In another book, Papa-Nicholas Planas, which was published three years later, again emphasizing the importance of faith and piety, he says:
"They endeavor today, with the plight of the Church, to find its causes, and hold that the answer is to be found in scientific theological education. But the evil is to be remedied only by education in piety…. What will it benefit the Church if students go to (say) Geneva? They will return with Protestant principles. We are told by these same persons that our Church has remained behind a whole century. How good it would have been if the members of the Church today had the piety of those who lived a century ago! External [secular] scientific education is fine when it is joined to piety" (Athens, 1965, p. 46).
The inculturation of the European spirit in all its forms was seen by Kontoglou as a threat to Orthodox culture in Greece (and of course even to Orthodox outside of Greece). This caused him to lament, what he called, "suffering Romiosini":
"Romiosini came out of Byzantium, or, to say it better, Byzantium in its last years stood the same as Romiosini. Even in the time of Phocas its characteristics appeared clearly, and in the years of the Paleologoi, even as the kingdom was at the point of death, tortured Romiosioni became stronger, a brand new Greece. Christian Greece grew in the midst of agony, because pain is the new mark of Christ. Romiosini is suffering Greece. Ancient Greece might have been glorious and strong, but the new one, the christian one, is much deeper, because pain is something that is much deeper than glory and joy and of whatever else. The people who live with pain and faith imprint much deeper their character in the hard rock of life, and they are marked with a mark that does not erase with misfortune and unbearable persecution, but they become more uneraseable. With such a mark is Romiosini marked. The nations which redeem every hour of their life with blood and agony, bear fruit with spiritual joys, which are unrecognizable to people who live the good life. These remain poor of both spiritual treasures as well as of human, because the good life weighs down the inner man."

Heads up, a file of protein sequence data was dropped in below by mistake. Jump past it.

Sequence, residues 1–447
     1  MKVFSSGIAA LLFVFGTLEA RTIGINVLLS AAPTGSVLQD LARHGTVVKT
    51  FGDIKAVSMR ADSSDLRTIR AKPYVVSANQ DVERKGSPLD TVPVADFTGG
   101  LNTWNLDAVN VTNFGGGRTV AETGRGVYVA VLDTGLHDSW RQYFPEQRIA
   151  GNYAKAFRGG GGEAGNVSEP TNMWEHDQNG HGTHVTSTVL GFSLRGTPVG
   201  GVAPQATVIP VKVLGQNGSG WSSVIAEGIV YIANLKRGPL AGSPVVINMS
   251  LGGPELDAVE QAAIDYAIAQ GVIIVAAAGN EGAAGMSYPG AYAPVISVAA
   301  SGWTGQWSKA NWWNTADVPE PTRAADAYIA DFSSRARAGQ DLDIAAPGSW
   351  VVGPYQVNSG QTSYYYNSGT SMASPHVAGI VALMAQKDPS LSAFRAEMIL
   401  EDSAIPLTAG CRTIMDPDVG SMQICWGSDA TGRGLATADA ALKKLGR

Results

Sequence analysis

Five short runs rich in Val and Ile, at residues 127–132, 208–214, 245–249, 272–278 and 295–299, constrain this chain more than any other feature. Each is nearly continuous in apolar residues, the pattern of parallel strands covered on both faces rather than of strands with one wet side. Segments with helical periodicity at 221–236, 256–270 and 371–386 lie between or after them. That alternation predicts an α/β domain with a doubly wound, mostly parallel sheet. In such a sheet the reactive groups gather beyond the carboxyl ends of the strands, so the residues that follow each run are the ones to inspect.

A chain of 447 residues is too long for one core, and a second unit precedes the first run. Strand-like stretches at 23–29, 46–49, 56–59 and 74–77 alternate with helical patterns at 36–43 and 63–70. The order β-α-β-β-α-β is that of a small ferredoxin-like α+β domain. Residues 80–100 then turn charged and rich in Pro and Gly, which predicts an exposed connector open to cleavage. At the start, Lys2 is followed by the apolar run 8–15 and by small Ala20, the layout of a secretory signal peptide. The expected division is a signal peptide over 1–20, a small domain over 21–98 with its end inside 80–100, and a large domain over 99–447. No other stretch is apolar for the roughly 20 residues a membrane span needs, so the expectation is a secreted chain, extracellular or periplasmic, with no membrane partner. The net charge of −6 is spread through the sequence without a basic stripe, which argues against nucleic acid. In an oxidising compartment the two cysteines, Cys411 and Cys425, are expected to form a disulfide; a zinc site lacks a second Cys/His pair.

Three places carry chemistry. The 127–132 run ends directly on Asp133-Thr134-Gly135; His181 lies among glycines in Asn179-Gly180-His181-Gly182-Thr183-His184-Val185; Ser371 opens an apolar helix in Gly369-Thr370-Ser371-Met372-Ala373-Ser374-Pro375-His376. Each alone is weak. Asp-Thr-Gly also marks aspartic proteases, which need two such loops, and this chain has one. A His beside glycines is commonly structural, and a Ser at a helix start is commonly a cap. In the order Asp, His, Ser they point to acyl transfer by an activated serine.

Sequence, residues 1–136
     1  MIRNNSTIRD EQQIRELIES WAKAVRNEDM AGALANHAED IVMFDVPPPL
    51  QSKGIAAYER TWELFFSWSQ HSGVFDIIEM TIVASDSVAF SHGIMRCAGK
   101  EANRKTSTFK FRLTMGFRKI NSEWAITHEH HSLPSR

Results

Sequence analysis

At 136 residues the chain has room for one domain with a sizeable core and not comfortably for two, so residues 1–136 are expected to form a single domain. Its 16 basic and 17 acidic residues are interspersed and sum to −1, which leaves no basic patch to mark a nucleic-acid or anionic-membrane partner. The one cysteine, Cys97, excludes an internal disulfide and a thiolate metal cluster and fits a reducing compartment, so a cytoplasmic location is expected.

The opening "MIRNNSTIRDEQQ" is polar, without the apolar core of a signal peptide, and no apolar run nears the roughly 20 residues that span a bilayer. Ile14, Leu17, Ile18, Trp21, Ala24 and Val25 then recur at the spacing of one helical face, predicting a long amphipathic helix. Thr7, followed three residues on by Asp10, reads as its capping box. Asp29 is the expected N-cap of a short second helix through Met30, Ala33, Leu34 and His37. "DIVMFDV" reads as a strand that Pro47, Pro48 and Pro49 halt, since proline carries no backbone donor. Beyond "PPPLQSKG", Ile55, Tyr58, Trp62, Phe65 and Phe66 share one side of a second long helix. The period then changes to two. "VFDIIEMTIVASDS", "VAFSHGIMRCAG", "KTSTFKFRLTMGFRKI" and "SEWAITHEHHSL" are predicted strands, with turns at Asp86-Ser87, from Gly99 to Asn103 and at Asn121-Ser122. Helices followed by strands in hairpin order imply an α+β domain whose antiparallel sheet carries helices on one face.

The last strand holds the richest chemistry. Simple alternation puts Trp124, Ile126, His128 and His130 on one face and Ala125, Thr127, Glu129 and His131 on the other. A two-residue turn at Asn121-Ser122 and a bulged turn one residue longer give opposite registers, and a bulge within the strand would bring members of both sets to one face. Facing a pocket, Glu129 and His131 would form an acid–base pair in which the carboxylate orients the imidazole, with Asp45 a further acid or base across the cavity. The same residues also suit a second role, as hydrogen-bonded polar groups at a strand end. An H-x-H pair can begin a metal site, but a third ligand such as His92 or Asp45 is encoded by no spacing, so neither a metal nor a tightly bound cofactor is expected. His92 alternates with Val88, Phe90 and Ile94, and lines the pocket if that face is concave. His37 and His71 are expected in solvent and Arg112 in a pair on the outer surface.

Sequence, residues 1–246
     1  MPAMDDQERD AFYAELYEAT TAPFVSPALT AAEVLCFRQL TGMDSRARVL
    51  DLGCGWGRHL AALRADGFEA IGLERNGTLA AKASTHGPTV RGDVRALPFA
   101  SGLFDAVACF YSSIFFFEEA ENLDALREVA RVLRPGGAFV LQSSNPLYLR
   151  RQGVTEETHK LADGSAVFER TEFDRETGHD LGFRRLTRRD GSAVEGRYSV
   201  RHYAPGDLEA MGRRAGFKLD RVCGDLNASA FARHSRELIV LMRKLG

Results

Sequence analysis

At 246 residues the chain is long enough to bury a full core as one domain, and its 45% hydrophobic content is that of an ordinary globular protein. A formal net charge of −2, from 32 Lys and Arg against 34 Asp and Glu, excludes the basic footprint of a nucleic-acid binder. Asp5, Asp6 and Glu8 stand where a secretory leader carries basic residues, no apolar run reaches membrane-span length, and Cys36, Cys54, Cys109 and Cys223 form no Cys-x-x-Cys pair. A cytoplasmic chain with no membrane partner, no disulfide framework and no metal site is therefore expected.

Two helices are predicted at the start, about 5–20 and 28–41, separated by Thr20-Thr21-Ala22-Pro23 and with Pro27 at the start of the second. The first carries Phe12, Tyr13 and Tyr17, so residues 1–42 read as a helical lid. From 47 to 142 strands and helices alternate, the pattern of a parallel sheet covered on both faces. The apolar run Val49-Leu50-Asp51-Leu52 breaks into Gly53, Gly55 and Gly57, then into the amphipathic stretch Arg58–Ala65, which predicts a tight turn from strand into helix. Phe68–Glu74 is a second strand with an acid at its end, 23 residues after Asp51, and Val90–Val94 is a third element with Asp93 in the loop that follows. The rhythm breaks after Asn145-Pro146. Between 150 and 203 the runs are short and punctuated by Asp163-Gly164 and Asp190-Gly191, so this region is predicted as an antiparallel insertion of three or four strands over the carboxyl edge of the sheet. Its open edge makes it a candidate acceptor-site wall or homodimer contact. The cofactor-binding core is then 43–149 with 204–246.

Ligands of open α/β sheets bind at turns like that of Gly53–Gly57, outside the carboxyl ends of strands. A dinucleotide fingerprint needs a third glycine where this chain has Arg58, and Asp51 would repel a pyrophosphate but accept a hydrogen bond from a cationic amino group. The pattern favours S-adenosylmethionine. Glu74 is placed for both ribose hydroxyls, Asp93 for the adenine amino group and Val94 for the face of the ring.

The influence of Kontoglou in contemporary Orthodoxy as an artist and intellectual is unmistakable, and his faith and piety is inspiring. His life is worthy of emulation by all Orthodox men in the world, as his sanctity is testified by his incorrupt relics which lie in the Monastery of Saint Ephraim the Newly-Revealed in Nea Makri of Athens.
Below are some links to gain a deeper understanding of the life and writings of Photios Kontoglou:
The Life and Writings of Photios Kontoglou
Various Icons, Drawings and Pictures of Photios Kontoglou
What Orthodox Iconography Is
On Byzantine Music
Various Articles in Greek
On Spiritual Life and On the Holy Spirit
On John the Blessed
Christianity and Islam - Two Related, Yet Different Religions
A Letter to Elder Philotheos Zervakos Concerning the Ecumenism of Patriarch Athenagoras
On the Works of Dr. Constantine Cavarnos
The Small Churches of Maroussi
The Great Wager Between Believers and Unbelievers
The Myth of the Octopus - Smiling Enemies